Crowdsourcing isn’t new, but increasingly it is being used by organizations big and small as a process to solve challenges in a more effective way – faster, more creatively and with better engagement. In fact, US lawmakers, scientists, educators, online gaming enterprises and Netflix, to name a few, are crowdsourcing.
According to a BusinessWeek article, in February, Jenny Drinkard, an industrial designer and recent Georgia Institute of Technology graduate, proposed an idea to a website called Quirky.com to turn modified milk crates into a home storage system. Then 1,791 Quirky community members around the world refined the design, suggesting accessories and ranking them in order of preference on the site. The result: plastic cubes that can be stacked, connected, and customized with drawers, slide-in wooden shelves, cork bulletin boards, wooden feet, and rollers—fit for a college dorm room, which by the way were shipped to such retailers as Target and Staples by July to capture back-to-school shoppers.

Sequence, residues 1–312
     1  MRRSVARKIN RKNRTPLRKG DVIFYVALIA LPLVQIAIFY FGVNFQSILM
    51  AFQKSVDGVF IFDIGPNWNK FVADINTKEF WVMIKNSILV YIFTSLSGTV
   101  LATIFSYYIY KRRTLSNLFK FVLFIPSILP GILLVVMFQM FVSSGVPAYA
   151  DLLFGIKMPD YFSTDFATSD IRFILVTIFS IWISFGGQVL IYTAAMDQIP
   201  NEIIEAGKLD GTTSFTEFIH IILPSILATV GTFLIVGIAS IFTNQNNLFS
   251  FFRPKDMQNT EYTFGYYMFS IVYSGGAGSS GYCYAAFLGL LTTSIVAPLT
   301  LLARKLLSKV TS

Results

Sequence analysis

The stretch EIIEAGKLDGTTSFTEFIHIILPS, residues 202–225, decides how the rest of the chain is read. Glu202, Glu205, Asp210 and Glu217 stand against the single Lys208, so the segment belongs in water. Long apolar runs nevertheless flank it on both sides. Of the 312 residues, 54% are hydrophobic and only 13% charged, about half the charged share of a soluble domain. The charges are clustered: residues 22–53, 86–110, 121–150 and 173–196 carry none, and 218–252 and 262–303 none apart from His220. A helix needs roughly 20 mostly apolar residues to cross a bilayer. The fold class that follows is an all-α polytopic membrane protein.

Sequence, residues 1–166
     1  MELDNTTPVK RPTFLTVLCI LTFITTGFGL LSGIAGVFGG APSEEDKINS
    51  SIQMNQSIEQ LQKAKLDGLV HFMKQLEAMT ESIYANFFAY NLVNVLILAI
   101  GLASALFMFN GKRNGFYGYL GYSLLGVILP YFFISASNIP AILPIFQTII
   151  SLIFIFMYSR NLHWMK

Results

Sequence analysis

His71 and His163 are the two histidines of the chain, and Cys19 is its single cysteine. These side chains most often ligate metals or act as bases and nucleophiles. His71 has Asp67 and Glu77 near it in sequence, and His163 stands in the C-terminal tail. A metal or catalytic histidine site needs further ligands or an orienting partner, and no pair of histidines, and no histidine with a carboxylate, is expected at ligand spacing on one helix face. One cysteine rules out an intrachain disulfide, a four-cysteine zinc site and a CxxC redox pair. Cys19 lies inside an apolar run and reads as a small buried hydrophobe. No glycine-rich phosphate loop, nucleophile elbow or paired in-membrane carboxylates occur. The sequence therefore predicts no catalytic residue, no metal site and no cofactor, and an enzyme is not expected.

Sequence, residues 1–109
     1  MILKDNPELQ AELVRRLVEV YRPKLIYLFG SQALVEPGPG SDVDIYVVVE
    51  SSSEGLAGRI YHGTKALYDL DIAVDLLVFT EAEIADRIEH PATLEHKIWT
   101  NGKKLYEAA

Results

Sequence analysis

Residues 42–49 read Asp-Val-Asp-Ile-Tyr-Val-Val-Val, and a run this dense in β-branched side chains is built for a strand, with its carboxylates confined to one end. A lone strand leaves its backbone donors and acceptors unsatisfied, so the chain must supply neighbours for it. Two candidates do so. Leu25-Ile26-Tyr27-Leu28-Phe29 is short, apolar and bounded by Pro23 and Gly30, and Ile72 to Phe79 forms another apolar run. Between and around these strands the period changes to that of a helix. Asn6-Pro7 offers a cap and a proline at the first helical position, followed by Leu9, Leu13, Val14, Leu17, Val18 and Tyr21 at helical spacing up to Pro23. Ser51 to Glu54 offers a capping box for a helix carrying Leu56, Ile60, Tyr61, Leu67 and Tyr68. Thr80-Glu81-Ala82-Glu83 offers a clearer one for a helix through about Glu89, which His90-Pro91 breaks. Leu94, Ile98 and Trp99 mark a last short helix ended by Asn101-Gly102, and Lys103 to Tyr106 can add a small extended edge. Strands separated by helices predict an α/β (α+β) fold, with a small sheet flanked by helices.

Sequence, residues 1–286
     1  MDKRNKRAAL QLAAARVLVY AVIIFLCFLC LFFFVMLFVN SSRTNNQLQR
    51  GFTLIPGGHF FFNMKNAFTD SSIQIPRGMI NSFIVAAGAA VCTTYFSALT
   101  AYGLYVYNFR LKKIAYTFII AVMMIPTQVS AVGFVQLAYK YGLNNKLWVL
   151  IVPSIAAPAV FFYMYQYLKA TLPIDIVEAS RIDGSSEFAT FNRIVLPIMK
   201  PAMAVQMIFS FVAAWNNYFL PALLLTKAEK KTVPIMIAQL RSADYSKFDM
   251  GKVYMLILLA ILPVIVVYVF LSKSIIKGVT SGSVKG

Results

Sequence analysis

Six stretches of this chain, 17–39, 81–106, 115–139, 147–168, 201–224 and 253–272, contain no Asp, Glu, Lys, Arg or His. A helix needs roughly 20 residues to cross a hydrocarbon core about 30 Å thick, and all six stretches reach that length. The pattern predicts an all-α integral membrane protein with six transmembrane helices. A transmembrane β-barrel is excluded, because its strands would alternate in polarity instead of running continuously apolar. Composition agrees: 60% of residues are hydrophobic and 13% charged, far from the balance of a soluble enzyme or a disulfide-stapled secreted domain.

This is a prime example of crowdsourcing and while the process occurs both offline and online, there are all the obvious reasons it is happening more and more online. Whether it is creating a website to crowdsource the next great fast food menu item, an award-winning graphic design, or top-quality e-learning content, the technology to make crowdsourcing possible becomes ever more important to keep contributors engaged. Because let’s face it, if contributors can’t do it easily, they just won’t do it.
- McDonald’s preps crowdsourced Olympic ads
- The Washington Post launches crowdsourcing platform
- The Colorado shooting and the crowdsourced future of news
- Joe Sumner: Synchronizing Crowdsourced Movies
- More search could be crowdsourced, say researchers at ACM CHI